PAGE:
Greek Prime Minister Alexis Tsipras said on Wednesday progress had been made in ending a decades-old stalemate over the division of Cyprus, but urged Turkey to drop 'aggressive rhetoric' to reach a deal.
"We are optimistic but with prudence and responsibility, as this situation merits, we will continue to work hard...and hope that we have positive results in the near future," Tsipras said in a speech in the Greek parliament.
"A precondition to that is that the other side... particularly Turkey, come to negotiations in similar spirit, putting aside aggressive rhetoric, and work seriously and responsibly."
Cyprus was split in a Turkish invasion in 1974, triggered by a brief Greek-inspired coup. The conflict is a key source of tension between Greece and Turkey, which are fiercely defensive of their respective ethnic kin on the east Mediterranean island.
Turkish President Tayyip Erdogan has accused Greece of "fleeing" efforts to reunite Cyprus and said Turkey will retain troops there for ever to protect minority ethnic Turks.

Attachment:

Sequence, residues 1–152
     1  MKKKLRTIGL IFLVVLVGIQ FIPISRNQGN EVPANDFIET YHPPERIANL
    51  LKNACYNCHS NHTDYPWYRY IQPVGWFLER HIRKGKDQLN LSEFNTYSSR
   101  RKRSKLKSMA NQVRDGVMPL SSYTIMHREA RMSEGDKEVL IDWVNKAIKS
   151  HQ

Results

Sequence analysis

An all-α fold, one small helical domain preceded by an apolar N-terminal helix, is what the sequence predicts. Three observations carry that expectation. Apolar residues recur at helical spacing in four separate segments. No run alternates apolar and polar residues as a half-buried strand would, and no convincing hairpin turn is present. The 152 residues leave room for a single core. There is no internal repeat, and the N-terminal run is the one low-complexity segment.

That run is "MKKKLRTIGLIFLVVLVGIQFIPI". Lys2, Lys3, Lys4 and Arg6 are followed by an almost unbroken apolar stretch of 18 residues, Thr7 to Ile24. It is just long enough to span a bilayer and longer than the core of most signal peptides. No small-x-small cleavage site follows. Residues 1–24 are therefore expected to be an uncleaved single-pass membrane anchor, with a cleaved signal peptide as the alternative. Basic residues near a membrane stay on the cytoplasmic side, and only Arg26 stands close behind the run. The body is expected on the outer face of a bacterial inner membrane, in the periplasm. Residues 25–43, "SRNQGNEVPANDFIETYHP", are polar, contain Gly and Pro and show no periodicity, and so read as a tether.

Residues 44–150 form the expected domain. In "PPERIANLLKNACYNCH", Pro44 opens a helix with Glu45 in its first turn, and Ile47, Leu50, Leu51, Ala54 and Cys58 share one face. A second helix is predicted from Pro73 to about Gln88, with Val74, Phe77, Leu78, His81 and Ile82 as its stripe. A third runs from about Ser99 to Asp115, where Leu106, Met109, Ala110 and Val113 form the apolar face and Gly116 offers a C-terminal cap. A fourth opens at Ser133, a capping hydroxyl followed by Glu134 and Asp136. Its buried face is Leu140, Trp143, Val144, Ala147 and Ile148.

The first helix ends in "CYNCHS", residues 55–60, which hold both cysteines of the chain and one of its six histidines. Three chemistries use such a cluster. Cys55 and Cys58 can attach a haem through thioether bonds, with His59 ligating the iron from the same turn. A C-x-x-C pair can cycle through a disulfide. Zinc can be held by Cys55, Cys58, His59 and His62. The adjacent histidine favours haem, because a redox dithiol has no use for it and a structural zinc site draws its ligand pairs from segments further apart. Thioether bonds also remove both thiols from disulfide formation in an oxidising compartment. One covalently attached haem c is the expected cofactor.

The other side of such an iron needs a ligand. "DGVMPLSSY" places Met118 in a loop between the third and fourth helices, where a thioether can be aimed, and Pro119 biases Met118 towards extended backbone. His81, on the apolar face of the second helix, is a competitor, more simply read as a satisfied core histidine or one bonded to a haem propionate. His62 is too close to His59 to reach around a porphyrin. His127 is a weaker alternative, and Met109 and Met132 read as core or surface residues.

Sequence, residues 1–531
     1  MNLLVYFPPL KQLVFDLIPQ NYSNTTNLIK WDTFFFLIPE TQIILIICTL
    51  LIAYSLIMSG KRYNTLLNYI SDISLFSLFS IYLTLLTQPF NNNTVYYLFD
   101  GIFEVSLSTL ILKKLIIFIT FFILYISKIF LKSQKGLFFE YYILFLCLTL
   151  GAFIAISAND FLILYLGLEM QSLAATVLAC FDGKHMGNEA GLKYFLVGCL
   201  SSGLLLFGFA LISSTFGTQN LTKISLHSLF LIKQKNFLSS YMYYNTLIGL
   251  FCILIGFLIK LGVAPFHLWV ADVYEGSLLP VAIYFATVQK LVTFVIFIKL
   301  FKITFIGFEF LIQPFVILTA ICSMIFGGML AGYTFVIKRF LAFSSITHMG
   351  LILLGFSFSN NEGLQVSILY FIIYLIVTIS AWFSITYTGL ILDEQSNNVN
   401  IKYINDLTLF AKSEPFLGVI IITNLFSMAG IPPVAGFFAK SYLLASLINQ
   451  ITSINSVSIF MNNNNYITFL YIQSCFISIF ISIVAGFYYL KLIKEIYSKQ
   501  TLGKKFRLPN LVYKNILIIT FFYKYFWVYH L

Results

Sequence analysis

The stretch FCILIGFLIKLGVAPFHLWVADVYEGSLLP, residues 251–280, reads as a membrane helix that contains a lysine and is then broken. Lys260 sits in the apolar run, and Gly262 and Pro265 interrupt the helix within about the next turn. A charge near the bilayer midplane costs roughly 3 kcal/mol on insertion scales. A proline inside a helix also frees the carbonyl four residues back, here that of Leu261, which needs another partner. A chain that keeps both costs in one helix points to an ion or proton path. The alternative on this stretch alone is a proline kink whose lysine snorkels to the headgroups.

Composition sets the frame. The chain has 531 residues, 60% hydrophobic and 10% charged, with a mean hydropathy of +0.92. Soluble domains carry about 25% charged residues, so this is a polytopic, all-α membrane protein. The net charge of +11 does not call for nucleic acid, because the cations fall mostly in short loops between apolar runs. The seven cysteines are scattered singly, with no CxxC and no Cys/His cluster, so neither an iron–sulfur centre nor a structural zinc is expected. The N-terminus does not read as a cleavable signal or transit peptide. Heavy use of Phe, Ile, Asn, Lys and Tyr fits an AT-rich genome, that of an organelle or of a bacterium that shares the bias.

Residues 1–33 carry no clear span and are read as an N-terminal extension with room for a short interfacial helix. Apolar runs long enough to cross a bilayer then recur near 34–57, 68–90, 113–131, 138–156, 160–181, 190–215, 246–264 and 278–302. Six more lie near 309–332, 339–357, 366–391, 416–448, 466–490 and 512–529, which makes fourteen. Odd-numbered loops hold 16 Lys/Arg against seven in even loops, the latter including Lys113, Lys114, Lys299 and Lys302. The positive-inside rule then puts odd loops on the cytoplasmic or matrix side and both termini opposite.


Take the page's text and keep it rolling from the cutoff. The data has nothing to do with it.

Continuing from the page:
Talks in Geneva last week failed to produce a breakthrough over the former British colony, though Britain, Greece and Turkey - its 'guarantor powers' under a 1960 independence treaty - agreed to continue consultations on security arrangements which could govern Cyprus after a settlement.
Officials from the three countries were due to meet at a Swiss resort later on Wednesday to discuss the matter.
At issue is a dispute primarily between the Turkish and the Greek sides on whether the system of guarantee should stay in place, allowing Greek and Turkish forces to remain stationed on the island, and the right of intervention in the event of a breakdown of constitutional order.
(Reporting by Michele Kambas, editing by Renee Maltezou and Mark Trevelyan)